From Bacchus March to Bestseller Lists
With his award-winning fiction, author Peter Carey has sought to put Australian literature on the map.
"The Guardian" calls him "without question the pre-eminent literary voice of post-colonial Australia." For the prize-winning novelist Peter Carey who, for more than a decade, has lived on the other side of the world, his home country continues to be the primary source of raw material and the basis for authenticity in his writing.
Peter Carey was born in Bacchus March, Australia, in 1943. Provided in his growing-up years with a good private education, he first elected to study science at Monash University. It proved to be a choice incompatible with his talents -- writing was a better fit and, for a number of years, he supported this passion by writing copy for the advertising agency he co-owned with a friend.
His first volume of short stories, "The Fat Man in History," was published when he was just past 30, but it wasn’t until the end of the 1970’s that his second volume, "War Crimes," established his place in Australian literary annals.
Carey’s move away from the realism that had until this time characterized Australian literature and into an experimental surrealism that drew on both science fiction and fables captured the attention of both the public and the arbiters of literary taste.
In the early 80’s, he received the first of what were to be many prestigious awards. He won the New South Wales Premier’s Award in 1980; the next year it was the Miles Franklin Award and in 1982 he received both the National Book Council Award and a second New South Wales Premier’s Award.
Meanwhile, Carey ventured into novels. His 1981 "Bliss" secured his international reputation. Four years later he published "Illywhacker" and collected both the Age Book of the Year and the Australian Film Institute awards. He was then just over 40 and in the midst of an odyssey which took him from Melbourne to London to Sydney and finally, at the end of the 80’s, to New York.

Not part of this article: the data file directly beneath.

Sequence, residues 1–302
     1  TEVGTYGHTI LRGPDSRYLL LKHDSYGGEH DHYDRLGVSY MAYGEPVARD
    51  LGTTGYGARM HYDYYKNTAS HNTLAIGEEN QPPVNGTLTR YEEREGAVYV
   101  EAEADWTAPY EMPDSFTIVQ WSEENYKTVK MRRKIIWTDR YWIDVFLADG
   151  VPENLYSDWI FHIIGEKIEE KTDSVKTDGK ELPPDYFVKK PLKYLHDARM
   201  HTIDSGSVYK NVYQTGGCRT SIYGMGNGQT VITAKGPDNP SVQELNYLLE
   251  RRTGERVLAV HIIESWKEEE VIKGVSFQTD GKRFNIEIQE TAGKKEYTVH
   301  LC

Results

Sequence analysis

Many Australian writers before him had gone to live abroad. “They felt they had to, to find recognition and intelligent criticism. Australia used to be a bad place for intellectuals and artists to be.” Carey says he “never felt (himself) to be in a hostile place in this way.” He had, after all, received ample recognition of his work before he ever left Australia. But, “being away I can see the strangeness more easily. I have to trust my life and follow it where it leads me.”
By the time it led him to New York, Peter Carey had, in just over a decade, gone from writing advertising copy -- with short stories as a sideline -- to being a multi-faceted and widely recognized literary figure. In 1986, he collected his second National Book Council Award and added script writing ("Bliss") to his repertoire. His 1988 novel "Oscar and Lucinda" earned him his first Booker Prize -- and an invitation to meet the Queen. He asked for a postponement on family grounds. The Palace cancelled the meeting altogether and thus was born one of many Peter Carey legends -- he had “declined” to meet the Queen -- "A real storm in a teacup” said one commentator.